Digests » 223
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Over the last few updates to Visual Studio 2017, we’ve been hard at work adding new features to boost your productivity while you’re writing code. Many of these are the result of your direct feedback coming from the UserVoice requests, Developer Community tickets, and direct feedback we’ve encountered while talking to developers like you.
Logging information in .NET, or really in any production application, is invaluable. In many cases, developers don’t have direct access to the production environment to debug issues. Good quality logs are the difference between solving problems like Sherlock Holmes and stumbling upon solutions like Inspector Jacques Clouseau. As you can imagine, we’re pretty big on logging here at Stackify, and we’ve written quite a few other blog posts on .NET logging frameworks. I’d encourage you to try out the search and read a few of our previous articles.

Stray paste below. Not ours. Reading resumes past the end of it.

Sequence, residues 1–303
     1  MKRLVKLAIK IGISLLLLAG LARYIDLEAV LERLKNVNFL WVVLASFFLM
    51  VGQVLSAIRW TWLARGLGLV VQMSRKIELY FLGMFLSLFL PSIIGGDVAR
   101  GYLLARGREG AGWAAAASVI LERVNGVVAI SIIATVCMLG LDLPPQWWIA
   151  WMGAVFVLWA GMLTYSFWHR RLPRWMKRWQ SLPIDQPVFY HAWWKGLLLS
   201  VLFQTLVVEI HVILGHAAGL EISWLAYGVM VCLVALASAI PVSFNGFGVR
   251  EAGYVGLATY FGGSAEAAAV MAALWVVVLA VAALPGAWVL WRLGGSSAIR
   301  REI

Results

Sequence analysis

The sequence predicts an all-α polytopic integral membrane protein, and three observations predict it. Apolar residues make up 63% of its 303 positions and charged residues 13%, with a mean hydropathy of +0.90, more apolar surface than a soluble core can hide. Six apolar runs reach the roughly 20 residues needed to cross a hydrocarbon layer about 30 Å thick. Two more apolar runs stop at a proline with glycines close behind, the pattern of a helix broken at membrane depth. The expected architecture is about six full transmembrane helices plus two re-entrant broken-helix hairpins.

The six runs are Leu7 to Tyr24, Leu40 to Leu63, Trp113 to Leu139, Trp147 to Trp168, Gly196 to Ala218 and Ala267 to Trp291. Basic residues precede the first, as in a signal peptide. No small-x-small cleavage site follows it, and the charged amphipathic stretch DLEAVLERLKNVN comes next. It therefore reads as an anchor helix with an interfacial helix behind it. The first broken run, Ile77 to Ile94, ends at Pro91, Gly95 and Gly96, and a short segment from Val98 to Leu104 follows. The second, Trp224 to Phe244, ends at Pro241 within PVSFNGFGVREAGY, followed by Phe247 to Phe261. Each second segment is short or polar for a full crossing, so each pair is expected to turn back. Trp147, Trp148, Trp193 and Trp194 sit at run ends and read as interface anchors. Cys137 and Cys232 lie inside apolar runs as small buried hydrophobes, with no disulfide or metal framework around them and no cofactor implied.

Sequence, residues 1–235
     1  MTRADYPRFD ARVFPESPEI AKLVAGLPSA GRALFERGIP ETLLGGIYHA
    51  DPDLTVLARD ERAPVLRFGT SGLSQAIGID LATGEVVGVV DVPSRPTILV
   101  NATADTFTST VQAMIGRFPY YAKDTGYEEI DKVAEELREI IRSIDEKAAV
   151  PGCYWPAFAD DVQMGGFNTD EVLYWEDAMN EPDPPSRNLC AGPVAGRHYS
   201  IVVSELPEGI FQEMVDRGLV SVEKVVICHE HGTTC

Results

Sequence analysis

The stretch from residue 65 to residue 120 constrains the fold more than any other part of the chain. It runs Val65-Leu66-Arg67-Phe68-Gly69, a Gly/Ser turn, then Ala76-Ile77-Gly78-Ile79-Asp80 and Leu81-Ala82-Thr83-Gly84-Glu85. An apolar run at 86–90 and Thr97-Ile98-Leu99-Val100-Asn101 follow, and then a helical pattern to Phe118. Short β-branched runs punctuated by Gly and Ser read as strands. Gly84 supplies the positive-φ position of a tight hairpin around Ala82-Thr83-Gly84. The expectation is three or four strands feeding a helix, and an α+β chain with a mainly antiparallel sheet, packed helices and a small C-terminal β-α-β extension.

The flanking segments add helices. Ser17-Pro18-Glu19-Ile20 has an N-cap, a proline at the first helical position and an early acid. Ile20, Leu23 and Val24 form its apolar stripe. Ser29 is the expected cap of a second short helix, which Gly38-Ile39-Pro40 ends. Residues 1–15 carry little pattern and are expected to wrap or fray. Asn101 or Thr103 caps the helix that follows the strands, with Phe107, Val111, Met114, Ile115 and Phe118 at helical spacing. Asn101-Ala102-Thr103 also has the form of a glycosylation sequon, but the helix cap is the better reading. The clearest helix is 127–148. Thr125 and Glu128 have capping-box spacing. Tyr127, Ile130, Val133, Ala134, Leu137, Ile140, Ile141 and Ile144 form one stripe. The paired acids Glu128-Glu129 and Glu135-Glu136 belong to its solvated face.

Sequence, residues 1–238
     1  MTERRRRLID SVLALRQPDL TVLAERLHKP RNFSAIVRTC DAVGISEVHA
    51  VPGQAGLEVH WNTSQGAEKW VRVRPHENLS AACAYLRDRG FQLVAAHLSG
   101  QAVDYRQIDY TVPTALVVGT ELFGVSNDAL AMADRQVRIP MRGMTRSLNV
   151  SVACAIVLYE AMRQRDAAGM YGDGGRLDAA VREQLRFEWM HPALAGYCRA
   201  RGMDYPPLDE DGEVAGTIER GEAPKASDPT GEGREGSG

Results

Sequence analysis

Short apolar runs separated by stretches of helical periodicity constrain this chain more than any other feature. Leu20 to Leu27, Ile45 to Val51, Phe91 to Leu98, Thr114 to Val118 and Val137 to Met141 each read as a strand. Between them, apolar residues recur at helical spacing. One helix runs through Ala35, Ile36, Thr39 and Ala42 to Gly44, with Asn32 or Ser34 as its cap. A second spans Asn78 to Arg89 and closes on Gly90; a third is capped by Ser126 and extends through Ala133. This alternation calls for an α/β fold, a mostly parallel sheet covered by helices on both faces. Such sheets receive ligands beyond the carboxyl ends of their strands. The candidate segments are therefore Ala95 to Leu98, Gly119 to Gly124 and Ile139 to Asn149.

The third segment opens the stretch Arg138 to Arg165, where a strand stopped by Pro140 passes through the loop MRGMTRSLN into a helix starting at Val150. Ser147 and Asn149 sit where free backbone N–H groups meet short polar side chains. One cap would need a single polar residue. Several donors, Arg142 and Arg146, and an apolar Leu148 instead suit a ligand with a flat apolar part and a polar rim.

In this post, we will explore some of the C# async API features while comparing them to what modern Java offers. This is not intended to criticize any of these features, but instead, to analyze them by writing some small pieces of codes that might actually improve these APIs.
In this post, we’ll see how to stream the data in ASP.NET Core SignalR. With ASP.NET Core 2.1 released, SignalR now supports streaming content.
Async/Await is introduced with C# 5 to improve user interface responsiveness and web access to the resources. In other words, Async Methods help the developers to execute asynchronous operations that do not block threads and return one scalar result.